A: To start, get the right people on the bus. Sustaining the effort of planning, developing and implementing a court performance measurement system (CPMS) requires a guiding coalition of individuals who command both the resources and the respect of the court, and who can maintain the energy and momentum to keep the initiative going through its four phases (see below). The court should start the initiative by assembling a 9 to 15-membersteering committee to direct and oversee the work. The steering committee, as part of its early planning, in turn, identifies a 6 to 12-member design team to take the steps of building a court performance measurement system (CPMS) in the second phase of the initiative. These two groups form the guiding coaliti…

Implementing Performance Measurement

In the 1989 film Field of Dreams, an Iowa corn farmer (Kevin Costner) hears voices that tell him, “If you build it, they will come.” He interprets this message as a command to build a baseball field on his farm. He does and they -- Shoeless Joe Jackson and the other seven Chicago White Sox players banned from the game for throwing the 1919 World Series – come. This works in the movies but it does not work for court performance measurement. It is one thing to build a court performance measurement system (CPMS) and quite another to get the CPMS to be used effectively.

A Pile of Stethoscopes

Kevin Baum, a performance management consultant who works in government outside of the courts, warns us in a recent edition of Perform (Special Edition, Government, no date) that we make a fatal mistake when we declare victory too soon, that is, immediately after we have built a CPMS (see the October 15, 2005, Posting, “Six-Step Process for Building an Effective Court Performance Measurement Syste…

Q & A: Raising the Expectations of Performance Measurement

Q: Here’s a concern I hear often about performance measurement: Serious initiatives to build and implement court performance measurement systems (CPMS) will raise false expectations among court staff and other stakeholders that the court will actually make improvements in response to performance results. The concern is based in the fear that court leaders will be caught flat-footed responding to performance results (e.g., low public satisfaction with court services, sub-par on-time performance in case processing, and rates of compliance with court orders that fall short of benchmarks).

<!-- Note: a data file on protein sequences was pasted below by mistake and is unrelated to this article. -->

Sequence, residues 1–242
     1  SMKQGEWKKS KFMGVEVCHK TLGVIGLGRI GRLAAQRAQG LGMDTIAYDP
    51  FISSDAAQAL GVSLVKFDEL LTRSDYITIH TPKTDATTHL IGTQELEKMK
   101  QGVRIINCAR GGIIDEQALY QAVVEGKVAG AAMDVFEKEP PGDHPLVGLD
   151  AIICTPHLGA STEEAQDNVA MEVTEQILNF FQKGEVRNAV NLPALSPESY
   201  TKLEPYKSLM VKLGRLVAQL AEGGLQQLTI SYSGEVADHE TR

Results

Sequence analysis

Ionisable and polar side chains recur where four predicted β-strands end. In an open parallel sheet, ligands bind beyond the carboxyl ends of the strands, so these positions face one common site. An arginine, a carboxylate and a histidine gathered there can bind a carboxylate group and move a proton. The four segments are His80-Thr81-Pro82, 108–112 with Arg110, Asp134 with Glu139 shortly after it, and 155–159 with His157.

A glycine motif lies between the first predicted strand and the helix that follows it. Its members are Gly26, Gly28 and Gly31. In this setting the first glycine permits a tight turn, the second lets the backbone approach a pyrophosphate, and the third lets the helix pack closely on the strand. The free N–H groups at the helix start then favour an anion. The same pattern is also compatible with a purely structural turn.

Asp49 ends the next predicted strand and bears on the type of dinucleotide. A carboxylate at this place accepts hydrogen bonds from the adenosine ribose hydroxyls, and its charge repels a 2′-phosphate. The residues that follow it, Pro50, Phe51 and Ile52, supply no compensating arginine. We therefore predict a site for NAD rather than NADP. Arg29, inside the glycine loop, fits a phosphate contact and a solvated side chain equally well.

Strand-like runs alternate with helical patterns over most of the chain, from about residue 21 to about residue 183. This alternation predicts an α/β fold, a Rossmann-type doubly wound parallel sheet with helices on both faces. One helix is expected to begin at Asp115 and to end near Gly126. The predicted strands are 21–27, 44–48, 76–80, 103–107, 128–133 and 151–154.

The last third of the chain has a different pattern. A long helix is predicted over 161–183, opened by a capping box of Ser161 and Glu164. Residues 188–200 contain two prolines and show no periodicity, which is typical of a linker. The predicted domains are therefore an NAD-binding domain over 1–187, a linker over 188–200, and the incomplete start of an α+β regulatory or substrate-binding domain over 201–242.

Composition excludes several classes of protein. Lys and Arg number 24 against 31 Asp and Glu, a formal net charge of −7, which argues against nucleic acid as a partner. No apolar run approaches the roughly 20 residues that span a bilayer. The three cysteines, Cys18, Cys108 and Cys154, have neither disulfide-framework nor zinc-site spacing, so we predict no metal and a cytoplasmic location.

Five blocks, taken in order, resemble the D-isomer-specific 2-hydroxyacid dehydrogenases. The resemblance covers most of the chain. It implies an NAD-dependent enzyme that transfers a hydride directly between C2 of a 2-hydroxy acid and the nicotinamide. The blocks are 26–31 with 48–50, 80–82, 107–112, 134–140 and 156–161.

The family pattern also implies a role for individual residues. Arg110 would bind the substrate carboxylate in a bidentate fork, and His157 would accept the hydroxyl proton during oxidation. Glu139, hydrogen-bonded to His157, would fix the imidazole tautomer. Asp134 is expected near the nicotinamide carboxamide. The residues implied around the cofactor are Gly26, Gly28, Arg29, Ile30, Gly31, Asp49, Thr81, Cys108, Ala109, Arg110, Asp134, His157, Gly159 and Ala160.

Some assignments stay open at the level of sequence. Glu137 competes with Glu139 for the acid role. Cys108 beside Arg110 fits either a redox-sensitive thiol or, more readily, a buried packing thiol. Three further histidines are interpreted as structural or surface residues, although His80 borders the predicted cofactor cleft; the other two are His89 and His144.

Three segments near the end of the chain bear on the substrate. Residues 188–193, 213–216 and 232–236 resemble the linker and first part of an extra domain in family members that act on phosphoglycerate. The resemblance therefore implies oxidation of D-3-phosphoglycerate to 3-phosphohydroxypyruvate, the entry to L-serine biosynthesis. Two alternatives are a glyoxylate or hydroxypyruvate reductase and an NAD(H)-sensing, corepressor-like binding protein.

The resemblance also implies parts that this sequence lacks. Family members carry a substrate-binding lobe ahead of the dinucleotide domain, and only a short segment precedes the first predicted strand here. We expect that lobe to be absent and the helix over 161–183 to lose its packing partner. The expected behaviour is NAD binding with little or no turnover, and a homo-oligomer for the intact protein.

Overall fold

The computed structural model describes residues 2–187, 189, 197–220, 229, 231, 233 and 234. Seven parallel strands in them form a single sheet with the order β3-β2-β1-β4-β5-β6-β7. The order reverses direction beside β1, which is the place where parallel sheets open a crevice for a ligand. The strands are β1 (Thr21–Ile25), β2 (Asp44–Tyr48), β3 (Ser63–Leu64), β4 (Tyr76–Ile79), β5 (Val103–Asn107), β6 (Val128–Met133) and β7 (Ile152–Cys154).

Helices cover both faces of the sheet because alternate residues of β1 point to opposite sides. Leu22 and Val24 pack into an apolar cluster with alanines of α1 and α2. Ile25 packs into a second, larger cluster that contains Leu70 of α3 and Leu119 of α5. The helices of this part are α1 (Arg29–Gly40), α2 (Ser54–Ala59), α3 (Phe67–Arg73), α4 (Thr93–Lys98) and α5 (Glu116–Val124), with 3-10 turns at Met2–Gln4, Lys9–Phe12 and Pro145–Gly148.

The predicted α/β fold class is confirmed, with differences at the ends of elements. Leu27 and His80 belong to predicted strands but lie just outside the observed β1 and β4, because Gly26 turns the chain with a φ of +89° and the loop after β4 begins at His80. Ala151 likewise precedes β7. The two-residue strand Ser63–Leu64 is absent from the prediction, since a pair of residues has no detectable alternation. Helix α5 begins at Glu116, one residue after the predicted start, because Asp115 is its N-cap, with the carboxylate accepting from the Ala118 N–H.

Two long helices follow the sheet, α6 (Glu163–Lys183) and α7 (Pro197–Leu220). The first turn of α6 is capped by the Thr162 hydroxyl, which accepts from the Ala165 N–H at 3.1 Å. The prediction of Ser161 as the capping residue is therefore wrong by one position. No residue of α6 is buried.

A: While a poor performance showing is rarely a cause for rejoicing, the concern that performance measurement itself will raise false expectations that something will be done is misplaced. The concern misses the power of performance measurement to engage individuals at all levels, not just top managers, in improvement strategies. It also makes the questionable assumption that all change for the better mu…

Q & A: A Public Accountability Framework

Q: “What is a public accountability framework?” This question came this week from Alice Phalan, Planning and Evaluation Manager of the Oregon Judicial Department, after she saw the term as a topic in an upcoming meeting in her state, and after she “googled” it and came up empty.

Q: The term public accountability framework, or PAF, was introduced earlier this year by my colleagues and me at the National Center for State Courts and CourtMetrics in the context of building organizational performance measurement systems for courts and justice systems in Arizona and British Columbia. In the argot of management, we’ll see if it has any legs!

PAF in Mesa, Arizona

In August this year the Mesa (Arizona) Municipal Court launched the “Good to Great” Public Accountability Framework (PAF) Project, an ambitious six-month project of building its performance measurement capacity, process improvement, courthouse design and planning, technology development, and strategic planning. The central task of the p…

A Logic Model of Performance Inputs, Outputs and Outcomes